Republicans and Democrats in the House and Senate have introduced bills that would cut their pay. Most are tied to deficit reduction. And they’ll never pass.
My neighbor had his hip replaced. Medicare paid for everything — nearly $50,000 worth of surgery, hospitalization, medicine and rehabilitation. It was life changing for Jim, who had gotten to the point where he could barely walk. It wasn’t long ago that a guy like him living in retirement who had worn out his body
Any congressional assault on 401(k)s in the name of deficit reduction seems particularly shortsighted as 72 million baby boomers rush toward retirement without much savings. Talk about the potential for economic meltdown. Fidelity Investments, which manages 401(k)s for 11 million workers, recently surveyed them about their retirement planning and discovered that 55 percent wouldn’t be
There have been 101 reader comments so far on the retirement planning blog that I wrote last week about Congress considering ways to reduce the tax deductions associated with 40(k)s and other tax-advantaged retirement savings plans in order to reduce the deficit. Most of the people who posted have similar opinions: They want Congress to
Last December as Congress was debating what to do about expiring tax laws, a CBS News poll found that 73 percent of Americans believed the budget deficit was a very serious problem. How did more than half of those surveyed suggest reducing the deficit? By letting the Bush-era tax cuts for those in the higher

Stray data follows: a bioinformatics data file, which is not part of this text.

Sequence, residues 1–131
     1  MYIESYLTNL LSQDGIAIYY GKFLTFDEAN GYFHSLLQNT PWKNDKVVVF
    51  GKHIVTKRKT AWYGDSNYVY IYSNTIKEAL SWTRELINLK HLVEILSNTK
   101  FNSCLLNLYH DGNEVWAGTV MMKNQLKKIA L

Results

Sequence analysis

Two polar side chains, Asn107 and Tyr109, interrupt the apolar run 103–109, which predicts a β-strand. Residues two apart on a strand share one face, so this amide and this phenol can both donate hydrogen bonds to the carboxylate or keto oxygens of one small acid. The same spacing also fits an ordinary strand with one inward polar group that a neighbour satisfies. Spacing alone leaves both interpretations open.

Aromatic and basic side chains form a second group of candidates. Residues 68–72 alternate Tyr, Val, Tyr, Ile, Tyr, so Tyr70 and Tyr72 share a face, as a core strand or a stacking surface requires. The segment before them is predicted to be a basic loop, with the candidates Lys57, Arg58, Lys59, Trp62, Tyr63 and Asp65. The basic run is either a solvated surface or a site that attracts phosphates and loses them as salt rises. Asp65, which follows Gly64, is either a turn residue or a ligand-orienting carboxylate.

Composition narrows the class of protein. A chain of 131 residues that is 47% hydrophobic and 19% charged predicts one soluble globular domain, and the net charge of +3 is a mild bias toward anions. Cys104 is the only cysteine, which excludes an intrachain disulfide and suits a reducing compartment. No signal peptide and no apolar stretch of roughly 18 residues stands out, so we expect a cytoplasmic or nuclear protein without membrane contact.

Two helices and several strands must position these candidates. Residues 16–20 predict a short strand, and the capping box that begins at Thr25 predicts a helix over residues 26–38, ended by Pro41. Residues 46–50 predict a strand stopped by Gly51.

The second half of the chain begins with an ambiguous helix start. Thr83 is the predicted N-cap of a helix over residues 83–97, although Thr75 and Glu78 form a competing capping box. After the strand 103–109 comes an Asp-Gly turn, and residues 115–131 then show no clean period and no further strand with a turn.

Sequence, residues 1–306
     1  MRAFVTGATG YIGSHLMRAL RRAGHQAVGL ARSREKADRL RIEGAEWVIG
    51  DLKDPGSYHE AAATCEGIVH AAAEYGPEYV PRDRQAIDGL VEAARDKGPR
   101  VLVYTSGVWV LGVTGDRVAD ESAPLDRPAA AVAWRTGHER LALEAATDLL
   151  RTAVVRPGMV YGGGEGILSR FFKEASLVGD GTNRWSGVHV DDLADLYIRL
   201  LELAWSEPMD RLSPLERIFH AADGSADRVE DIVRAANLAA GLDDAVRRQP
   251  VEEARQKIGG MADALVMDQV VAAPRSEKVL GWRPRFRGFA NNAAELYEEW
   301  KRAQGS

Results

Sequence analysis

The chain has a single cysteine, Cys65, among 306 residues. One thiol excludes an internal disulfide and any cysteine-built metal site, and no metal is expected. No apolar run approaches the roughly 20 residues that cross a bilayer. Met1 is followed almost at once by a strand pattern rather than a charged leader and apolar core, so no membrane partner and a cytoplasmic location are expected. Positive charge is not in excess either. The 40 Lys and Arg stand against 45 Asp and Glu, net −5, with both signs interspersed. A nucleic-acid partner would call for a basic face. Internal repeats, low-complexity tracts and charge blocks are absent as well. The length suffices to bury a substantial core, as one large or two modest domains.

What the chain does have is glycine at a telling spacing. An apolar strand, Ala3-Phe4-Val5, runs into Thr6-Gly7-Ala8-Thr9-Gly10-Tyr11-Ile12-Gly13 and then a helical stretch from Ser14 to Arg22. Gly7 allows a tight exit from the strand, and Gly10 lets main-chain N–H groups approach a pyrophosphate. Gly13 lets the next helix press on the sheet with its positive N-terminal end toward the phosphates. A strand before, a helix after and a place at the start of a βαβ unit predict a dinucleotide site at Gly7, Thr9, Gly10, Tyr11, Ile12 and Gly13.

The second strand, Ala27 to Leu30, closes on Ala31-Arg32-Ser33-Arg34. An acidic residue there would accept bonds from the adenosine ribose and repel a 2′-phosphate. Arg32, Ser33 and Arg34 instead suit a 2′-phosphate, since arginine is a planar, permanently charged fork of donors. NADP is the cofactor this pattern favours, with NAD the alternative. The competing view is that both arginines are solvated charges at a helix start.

The deficit reduction panel, otherwise known as the National Commission on Fiscal Responsibility and Reform, released its final recommendations this week. One of the things it took aim at is tax-advantaged 401(k) savings accounts, an important part of most people’s retirement planning. The proposal would: Consolidate retirement accounts (401(k)s, IRAs, SEPs, etc., into one retirement
The National Commission on Fiscal Responsibility and Reform, the bi-partisan commission charged with identifying policies to balance the budget, released its initial report today and took aim at Social Security. Obviously, this is just the beginning of the discussion. However, any possible outcome is almost certain to have both an immediate and a long-term impact on